For shoppers the risk is also extreme. A third of shoppers interviewed had been exposed to violent crime. They travel in groups and hide their money. They depend heavily on the security and storage facilities of hotels and bus depots for safety.
These levels of crime are a major blight on Johannesburg’s ability to maximize the benefits of these shopping trips. Shoppers are spending an average of 2.5 days on each trip. But they spend comparatively little on accommodation and almost nothing on entertainment. And they are too fearful to spend more time in Johannesburg than their shopping requires.
This inability to capitalize on this burgeoning informal behemoth in Johannesburg will only be exacerbated if Dudula members haphazardly attack foreigners and promote a culture of abuse and violence towards foreign nationals conducting their business. This will dampen potential job creation for low-skilled South Africans who could benefit from cross-border shoppers becoming tourists and spending money on entertainment, accommodation, and other trinkets.
It will also potentially hamper townships in capitalizing on the same economic activity.
It is my belief that Johannesburg’s townships ought to have industrial areas carved out of them and made into centers for job-intensive manufacturing for cross-border shoppers and other markets further north who need cheap clothing, accessories, and household wares. It would be a boon for job creation for low-skilled workers if the many China malls and other retailers of cheap goods were supplied by factories in Johannesburg’s townships and this was prioritized in policy.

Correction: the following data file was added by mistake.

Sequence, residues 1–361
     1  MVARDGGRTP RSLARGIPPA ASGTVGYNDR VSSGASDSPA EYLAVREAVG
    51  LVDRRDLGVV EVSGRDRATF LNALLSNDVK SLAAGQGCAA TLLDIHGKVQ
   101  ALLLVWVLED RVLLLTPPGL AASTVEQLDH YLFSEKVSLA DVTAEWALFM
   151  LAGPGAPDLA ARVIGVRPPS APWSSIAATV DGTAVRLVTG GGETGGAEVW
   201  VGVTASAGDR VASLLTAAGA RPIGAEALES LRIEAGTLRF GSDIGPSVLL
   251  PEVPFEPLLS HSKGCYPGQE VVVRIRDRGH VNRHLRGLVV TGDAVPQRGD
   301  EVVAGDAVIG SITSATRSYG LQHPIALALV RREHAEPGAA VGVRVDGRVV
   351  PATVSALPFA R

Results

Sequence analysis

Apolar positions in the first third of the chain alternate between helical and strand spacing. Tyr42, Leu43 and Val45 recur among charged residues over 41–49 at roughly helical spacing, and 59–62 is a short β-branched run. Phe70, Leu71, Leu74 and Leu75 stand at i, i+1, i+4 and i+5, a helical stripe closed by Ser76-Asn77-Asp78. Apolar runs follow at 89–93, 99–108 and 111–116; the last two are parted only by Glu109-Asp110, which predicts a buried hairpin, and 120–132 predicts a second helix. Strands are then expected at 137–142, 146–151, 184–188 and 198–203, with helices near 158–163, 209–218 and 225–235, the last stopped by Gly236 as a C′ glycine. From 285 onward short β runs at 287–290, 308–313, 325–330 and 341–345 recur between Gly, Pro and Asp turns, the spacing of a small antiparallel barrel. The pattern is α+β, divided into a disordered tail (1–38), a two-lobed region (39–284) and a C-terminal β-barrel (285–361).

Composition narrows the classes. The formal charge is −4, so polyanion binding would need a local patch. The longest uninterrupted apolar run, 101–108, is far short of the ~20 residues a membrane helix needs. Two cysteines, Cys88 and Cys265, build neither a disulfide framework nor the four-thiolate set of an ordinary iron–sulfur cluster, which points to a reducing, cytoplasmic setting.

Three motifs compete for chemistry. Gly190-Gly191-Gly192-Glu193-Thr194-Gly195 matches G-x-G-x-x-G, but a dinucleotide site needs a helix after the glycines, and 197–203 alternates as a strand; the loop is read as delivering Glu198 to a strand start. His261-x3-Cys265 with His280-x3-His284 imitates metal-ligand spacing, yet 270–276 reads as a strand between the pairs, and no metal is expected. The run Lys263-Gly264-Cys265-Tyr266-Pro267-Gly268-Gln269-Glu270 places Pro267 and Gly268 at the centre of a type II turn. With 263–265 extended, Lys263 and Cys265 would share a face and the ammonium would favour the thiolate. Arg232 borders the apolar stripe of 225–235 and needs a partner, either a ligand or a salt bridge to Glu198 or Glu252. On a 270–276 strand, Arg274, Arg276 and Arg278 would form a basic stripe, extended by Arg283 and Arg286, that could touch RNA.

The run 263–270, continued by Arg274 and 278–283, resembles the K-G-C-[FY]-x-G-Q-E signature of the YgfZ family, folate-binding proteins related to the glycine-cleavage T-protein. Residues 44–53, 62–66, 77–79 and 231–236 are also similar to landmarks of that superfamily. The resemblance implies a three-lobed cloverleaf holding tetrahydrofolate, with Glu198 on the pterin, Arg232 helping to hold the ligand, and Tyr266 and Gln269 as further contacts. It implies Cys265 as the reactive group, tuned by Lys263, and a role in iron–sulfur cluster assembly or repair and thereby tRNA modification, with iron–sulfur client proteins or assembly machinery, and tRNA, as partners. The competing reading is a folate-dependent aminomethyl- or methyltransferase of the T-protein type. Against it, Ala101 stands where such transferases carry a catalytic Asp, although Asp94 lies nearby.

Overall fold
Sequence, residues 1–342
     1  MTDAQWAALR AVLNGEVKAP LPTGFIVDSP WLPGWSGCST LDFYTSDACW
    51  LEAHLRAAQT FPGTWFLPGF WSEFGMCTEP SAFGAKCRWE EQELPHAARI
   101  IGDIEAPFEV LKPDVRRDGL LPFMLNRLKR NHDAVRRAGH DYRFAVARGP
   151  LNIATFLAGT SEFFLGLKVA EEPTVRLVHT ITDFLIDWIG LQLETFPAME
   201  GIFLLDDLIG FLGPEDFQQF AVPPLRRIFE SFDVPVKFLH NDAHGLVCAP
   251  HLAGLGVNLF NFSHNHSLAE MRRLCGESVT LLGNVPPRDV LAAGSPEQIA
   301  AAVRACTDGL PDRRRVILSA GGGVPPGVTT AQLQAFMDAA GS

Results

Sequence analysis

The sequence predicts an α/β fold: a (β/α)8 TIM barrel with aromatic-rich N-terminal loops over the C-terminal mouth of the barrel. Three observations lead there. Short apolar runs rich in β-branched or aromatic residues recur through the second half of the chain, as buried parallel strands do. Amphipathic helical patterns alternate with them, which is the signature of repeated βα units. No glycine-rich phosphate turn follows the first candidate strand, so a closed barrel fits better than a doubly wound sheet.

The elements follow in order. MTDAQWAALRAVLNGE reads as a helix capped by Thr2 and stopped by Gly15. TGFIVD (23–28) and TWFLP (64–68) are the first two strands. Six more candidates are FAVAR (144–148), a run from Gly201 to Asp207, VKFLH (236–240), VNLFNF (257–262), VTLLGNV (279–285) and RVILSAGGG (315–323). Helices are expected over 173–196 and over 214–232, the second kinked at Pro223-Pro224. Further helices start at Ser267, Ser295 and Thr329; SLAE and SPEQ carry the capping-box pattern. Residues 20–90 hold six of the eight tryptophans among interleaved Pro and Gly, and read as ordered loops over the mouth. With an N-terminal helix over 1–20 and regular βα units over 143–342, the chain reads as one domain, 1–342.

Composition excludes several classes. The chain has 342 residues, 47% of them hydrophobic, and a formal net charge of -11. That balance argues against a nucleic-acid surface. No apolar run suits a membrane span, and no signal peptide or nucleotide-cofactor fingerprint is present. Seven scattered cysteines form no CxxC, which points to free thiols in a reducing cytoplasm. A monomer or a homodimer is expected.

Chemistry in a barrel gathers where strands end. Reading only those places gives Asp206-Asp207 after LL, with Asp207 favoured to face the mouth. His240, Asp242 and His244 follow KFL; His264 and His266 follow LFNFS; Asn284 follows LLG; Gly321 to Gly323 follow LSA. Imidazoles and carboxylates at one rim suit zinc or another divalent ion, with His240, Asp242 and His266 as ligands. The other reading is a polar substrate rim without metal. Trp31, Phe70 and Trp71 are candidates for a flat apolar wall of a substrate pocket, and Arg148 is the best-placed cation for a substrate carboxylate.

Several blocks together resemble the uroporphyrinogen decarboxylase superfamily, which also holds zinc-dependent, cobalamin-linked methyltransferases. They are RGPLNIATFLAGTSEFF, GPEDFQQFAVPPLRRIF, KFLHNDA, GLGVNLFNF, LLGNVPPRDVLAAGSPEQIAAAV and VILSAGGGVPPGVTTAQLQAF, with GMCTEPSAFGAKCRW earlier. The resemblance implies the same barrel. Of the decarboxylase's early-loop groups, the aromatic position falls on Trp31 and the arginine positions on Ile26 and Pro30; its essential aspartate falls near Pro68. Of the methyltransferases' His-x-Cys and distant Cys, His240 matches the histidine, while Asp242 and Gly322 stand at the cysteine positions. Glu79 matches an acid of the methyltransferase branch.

Artificial wage constraints like the national minimum wage are an employment dampener and so policies that encourage employer flexibility and encourage employment creation should be embraced. An expansion of the employment tax incentive to include more than just young job seekers is something that should also be looked at.
The knock-on effects for food vendors and other potential township entrepreneurs are also worth considering. It further ameliorates the problem of job opportunities being very far from those who most need them.
Communities need young people and especially young military-aged men to be employed. Part of the persistent problem with petty and violent crime in our townships is the endemic joblessness of young men who must stew in their poverty, despair, and psycho-social distending while having their manhood (ability to provide) consistently mocked and derided as they are regarded as “broke and useless”.
This is fundamentally an economic problem to do with job-intensive growth. Scapegoating other poor and desperate people misses the real problem and will ultimately lead to “remedies” that do not fix, and might exacerbate, the real problem. The market, allowed to flourish and create jobs, is the solution, not violent xenophobic nationalism.